Down here in deepest South Devon a damp Autumn did not seem so bad after such a mediocre end to Summer.  Luckily I have the sort of memory that seems to miss out the bad bits, so will gloss over the recent gale and monsoon that turned our fields to mud. A row of rusty red beech trees decorated the valley floor nicely for several weeks and the bright golden field maple finally lost all its leaves. Winter comes late this far south. Even some butterflies were still feeding on ivy up until a few days ago. But now we have had our first frost and even a light fall of snow on the highest parts of Dartmoor, so it is beginning to feel like winter.

Wrens seem to get bolder as the season cools. Foraging through our barns and somehow even getting into the tiny church just a short walk away. But colder weather has its benefits. The first woodcock can be found in a quiet part of the farm, where a stream meanders under trees. But of all the birds we have here only one has got us well and truly trained. For several years a magnificent cock pheasant crows loudly outside the front door when hungry. In the coldest weather he will even take food from my hand. Not all birds are so trusting.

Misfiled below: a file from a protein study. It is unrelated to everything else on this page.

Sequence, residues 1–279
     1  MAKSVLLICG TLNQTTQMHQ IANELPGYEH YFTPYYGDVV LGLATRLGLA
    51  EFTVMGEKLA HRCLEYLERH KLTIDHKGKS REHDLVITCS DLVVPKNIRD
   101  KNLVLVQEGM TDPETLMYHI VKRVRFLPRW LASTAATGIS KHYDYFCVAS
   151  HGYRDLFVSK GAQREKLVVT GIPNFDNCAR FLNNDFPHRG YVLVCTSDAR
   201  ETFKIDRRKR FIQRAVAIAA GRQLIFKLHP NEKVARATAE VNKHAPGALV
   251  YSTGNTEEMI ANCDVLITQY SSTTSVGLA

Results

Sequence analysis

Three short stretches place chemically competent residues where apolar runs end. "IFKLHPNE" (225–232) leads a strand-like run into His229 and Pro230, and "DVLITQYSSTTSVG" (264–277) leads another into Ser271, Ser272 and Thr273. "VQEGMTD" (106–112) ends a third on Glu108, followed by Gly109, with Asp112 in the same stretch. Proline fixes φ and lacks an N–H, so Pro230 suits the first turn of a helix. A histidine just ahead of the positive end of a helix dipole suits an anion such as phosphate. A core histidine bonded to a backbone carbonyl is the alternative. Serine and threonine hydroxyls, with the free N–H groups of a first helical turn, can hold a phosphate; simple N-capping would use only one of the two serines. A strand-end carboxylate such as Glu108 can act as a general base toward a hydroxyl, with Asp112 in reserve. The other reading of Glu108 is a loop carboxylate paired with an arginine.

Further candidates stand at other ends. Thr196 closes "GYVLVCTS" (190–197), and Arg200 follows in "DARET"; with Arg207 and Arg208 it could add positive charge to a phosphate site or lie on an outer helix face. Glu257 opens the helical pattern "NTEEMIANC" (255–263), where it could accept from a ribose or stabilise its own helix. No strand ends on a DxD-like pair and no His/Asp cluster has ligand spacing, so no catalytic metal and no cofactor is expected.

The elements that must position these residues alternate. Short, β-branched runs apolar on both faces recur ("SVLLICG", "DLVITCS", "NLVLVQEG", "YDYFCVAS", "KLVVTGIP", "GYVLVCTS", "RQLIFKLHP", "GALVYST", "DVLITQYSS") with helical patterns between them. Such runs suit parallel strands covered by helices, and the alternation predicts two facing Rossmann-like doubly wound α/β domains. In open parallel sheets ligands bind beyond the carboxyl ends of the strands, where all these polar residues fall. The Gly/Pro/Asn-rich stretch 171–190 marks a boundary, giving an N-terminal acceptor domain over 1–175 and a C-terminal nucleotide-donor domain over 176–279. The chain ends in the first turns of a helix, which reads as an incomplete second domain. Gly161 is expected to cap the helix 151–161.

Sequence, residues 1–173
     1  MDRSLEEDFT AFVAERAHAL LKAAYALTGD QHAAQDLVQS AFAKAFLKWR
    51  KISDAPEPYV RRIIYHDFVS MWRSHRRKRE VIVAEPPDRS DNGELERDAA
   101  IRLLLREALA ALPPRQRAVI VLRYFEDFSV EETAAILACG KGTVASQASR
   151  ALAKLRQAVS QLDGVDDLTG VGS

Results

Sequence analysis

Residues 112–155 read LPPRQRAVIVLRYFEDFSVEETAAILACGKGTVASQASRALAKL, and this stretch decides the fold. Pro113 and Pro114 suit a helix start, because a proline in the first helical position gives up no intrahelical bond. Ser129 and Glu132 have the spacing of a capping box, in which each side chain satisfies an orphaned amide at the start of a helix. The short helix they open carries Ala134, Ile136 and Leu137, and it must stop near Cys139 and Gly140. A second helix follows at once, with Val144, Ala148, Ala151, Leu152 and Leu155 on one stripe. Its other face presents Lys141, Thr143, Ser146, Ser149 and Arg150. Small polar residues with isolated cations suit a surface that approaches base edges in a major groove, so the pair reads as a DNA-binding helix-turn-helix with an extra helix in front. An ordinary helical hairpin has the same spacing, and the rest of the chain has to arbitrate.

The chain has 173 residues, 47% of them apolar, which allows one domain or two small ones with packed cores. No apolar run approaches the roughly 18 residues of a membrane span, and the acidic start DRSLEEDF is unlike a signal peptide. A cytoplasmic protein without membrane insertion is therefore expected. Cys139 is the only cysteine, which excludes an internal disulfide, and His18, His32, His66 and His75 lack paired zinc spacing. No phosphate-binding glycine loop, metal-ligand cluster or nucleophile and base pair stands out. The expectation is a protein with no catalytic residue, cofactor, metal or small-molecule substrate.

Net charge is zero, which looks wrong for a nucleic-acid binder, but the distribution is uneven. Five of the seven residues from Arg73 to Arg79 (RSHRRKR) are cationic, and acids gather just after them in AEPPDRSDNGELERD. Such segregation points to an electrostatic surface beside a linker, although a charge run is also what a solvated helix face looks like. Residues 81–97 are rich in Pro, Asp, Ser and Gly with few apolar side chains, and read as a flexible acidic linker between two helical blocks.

Flocks of Redwings and the first Feldfares are easily spooked in the orchard. Here windfall apples are an important source of food for so many creatures.

A few years ago we hosted BBC Autumnwatch and our badgers performed brilliantly, scrumping apples and helping themselves to the last of the blackberries right in front of camera. But for colour and ease of filming the red admiral butterfly was a star. Usually among the last on the wing the orchard is often one of the best places to get close to them. A sunny morning is when they search for fallen apples. And this is the best times to get a photograph. After few minutes imbibing the amber liquid the butterflies become a bit tipsy and so less wary. The only thing that can spoil a shot is when they over indulge and gracefully slide off the apple!